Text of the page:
Mothers attempting to balance parenthood and academics.
November 12, 2008 - 5:01am
I know that my mother and mother-in-law laugh at me behind my back. After all, I’ve taken some pretty ridiculous stands in the name of feminism since my daughter was born. To my mother-in-law I implored: “Please. No pink or frills or lace. I know she’s your first granddaughter, but I want to go easy on the girly-girl stuff.” Ha! Somewhere around age two my daughter mysteriously gravitated toward ruffles, lace, and sparkles, despite my best efforts to steer her toward practical, sporty, gender-neutral clothing.
November 10, 2008 - 9:49pm
One of the things I do when I'm not teaching or preparing for class, not grading or cooking or working on my research -- one of the things I do relatively rarely, in other words -- is knit. I like to knit. It satisfies on many levels. For one, it allows me to create something without requiring great effort -- I just follow the directions. I don't need to think very hard about it. It can be done while I am watching TV, or listening to the radio, or even (once) listening to a conference paper. Sometimes I get a Christmas gift out of it, or a warm scarf for myself.
November 6, 2008 - 9:11pm
The American Mathematical Society recently published a study (Cross-Cultural Analysis of Students with Exceptional Talent in Mathematical Problem Solving) that finds evidence to disprove the widely held idea that girls are not as good at math as boys are. Instead, the relative small percent of girls excelling in math is traced to cultural forces found in the U.S., forces that can be changed so girls can approach the study of math with an open mind.
November 6, 2008 - 6:18am
Of all the possible reactions to Barack Obama’s historical victory this week, I wasn’t prepared for a lead story about the black and red dress Michelle Obama wore to her husband’s acceptance in Chicago. If you read the comments (and I’m not suggesting you do; the punctuation alone will drive you mad) you’ll find a pathological animosity toward the next first lady’s appearance: her teeth, her size, how she walks, how she stands.
November 5, 2008 - 1:37am
When I was in graduate school I could count on one hand (maybe even one finger) the number of graduate students I knew who had children. In my cohort (which I have blogged about before), not one of the ten of us had children before we finished, and this was true of the cohorts before and after mine in my department. I was the first in my cohort to have a baby; born 6 months after I defended my thesis.
November 3, 2008 - 8:52pm
I first came to political consciousness during the Watergate era. We'd been living overseas and actually returned to the U.S. on the day of the break-in; the next few years, it seems to me, passed by in a haze of newspaper articles and Senate hearings. The names Haldeman and Erlichman still mean something to me.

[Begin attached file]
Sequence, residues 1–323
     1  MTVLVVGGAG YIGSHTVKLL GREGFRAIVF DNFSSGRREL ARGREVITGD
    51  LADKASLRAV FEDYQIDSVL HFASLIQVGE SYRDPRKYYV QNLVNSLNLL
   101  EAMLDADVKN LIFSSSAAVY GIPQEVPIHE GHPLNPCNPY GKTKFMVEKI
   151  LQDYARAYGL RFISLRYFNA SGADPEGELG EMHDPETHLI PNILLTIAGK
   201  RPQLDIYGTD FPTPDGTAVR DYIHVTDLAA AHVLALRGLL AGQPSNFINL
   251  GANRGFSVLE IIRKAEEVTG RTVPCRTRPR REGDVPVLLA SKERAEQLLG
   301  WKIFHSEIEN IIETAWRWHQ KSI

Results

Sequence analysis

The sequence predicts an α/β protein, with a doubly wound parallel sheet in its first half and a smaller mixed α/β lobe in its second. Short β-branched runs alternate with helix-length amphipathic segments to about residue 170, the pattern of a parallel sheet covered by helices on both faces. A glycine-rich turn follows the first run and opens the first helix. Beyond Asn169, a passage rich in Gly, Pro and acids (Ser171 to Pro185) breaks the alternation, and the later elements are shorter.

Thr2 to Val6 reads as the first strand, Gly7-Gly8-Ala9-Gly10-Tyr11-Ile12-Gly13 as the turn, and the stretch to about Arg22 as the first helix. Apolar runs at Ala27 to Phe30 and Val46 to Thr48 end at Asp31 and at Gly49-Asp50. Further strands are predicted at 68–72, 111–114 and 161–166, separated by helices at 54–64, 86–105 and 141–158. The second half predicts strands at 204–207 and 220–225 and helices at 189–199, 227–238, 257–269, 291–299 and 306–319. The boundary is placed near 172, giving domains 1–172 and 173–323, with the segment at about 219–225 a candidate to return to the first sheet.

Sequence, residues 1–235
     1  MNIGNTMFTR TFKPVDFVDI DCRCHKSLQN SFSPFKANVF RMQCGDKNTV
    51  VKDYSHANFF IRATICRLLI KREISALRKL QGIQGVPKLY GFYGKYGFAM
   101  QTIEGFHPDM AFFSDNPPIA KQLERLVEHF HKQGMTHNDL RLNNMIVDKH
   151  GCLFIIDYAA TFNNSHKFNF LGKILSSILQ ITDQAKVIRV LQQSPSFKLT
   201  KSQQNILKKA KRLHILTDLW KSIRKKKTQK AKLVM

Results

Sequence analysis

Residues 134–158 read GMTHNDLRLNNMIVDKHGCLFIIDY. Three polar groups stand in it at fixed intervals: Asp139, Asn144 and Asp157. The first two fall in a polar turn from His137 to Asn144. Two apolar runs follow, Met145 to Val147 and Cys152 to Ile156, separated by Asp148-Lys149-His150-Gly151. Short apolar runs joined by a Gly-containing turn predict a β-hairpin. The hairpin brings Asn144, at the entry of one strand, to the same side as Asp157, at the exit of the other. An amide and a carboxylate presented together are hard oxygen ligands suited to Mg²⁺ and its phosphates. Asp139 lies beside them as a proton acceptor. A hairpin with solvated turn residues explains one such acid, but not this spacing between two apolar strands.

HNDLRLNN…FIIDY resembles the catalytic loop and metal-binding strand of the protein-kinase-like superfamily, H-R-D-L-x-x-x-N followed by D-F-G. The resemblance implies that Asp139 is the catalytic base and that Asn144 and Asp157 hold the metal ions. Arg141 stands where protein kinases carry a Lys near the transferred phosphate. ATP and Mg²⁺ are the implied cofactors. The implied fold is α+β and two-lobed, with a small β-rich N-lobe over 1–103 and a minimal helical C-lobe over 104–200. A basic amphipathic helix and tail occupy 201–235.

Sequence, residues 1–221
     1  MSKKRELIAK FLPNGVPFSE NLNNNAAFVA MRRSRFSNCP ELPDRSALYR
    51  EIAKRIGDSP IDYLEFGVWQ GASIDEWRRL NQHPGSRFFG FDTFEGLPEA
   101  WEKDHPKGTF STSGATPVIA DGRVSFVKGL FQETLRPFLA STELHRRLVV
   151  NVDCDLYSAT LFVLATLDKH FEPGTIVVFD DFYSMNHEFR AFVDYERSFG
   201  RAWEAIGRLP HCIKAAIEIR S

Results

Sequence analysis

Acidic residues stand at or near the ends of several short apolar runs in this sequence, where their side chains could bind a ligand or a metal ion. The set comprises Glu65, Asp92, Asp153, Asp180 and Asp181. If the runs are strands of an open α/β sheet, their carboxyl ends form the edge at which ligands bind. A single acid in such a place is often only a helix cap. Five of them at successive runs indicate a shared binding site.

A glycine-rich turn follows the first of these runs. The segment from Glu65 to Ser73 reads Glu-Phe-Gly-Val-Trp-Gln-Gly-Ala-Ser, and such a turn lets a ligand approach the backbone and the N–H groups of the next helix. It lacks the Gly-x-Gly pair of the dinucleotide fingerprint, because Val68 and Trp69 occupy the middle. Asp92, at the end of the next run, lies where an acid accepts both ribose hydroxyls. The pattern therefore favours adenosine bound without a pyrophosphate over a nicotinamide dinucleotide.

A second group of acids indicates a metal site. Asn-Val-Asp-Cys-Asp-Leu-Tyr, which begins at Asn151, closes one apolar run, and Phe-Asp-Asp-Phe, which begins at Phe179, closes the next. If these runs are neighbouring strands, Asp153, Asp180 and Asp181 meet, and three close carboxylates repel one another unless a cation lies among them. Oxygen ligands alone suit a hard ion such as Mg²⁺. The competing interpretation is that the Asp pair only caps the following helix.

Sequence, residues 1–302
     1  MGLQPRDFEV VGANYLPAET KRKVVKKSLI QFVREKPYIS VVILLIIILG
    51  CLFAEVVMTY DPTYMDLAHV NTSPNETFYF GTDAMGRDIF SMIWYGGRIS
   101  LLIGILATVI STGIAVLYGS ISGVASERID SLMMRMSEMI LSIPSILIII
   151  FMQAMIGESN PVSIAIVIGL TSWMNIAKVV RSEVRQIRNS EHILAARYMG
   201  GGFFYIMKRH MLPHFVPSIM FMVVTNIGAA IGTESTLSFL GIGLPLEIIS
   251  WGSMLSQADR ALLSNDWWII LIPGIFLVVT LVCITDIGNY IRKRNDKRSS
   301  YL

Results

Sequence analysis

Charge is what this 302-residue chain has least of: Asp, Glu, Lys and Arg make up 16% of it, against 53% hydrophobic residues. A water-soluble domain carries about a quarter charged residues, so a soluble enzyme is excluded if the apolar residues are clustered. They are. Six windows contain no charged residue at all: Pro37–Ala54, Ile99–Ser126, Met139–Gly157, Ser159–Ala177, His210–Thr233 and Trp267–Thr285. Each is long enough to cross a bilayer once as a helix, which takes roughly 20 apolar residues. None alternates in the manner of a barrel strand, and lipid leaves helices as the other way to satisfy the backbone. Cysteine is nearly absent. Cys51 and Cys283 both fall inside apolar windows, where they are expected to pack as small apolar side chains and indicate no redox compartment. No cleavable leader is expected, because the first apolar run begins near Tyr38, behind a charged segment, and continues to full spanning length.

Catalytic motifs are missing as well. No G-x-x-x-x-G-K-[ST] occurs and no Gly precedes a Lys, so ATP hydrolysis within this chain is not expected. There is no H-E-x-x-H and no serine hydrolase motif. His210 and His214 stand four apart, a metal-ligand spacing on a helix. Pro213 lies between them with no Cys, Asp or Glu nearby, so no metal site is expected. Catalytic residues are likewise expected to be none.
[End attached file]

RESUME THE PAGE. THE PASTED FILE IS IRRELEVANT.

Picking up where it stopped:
October 30, 2008 - 9:39pm
Women are paid, on average, only seventy seven cents for every dollar earned by men. As can be seen at the site of “moms rising”, even larger differentials exist for women who are mothers, and these are most extreme for women who are single mothers. But where do these numbers come from? How are they calculated, and, more importantly, what assumptions are made in performing those calculations? I will discuss how these wage differentials, which many of us have encountered in our own professional careers, are calculated.
October 29, 2008 - 10:14pm
Tomorrow is my best friend’s birthday and I’ve decided to give her an unusual present: I’m paying to have her house cleaned. I admit I love having my own house cleaned, despite the political and ethical issues it raises. According to Mason and Goulden’s study, academic women with children spend an average of 14 hours a week on housework (compared to the 11.6 hours a week men with children spend) in addition to 26.7 hours a week “care giving.” Taken together, that’s a second job.
October 29, 2008 - 9:30am
Title IX of the Education Amendments of 1972 is a law that states: “No person in the United States shall, on the basis of sex, be excluded from participation in, be denied the benefits of, or be subjected to discrimination under any education program or activity receiving Federal financial assistance.” Most typically, this has been used to “equal the playing field,” so to speak, for high school and college athletics programs; however, it should also be true for other areas of academics that
October 27, 2008 - 10:00pm
Six years ago I wrote an essay I called "Mama Mentor."* In it I talked about mentoring a former student, and how I found my mothering and mentoring intertwined. At the time, my children were 12 and 5, and they seemed far indeed from my own students. But I had recently found myself dispensing advice about balancing family life with an academic career -- a topic near and dear to my heart. I may not be an expert on it, but I was, in that case, the only person my former student knew who was actually trying to do it.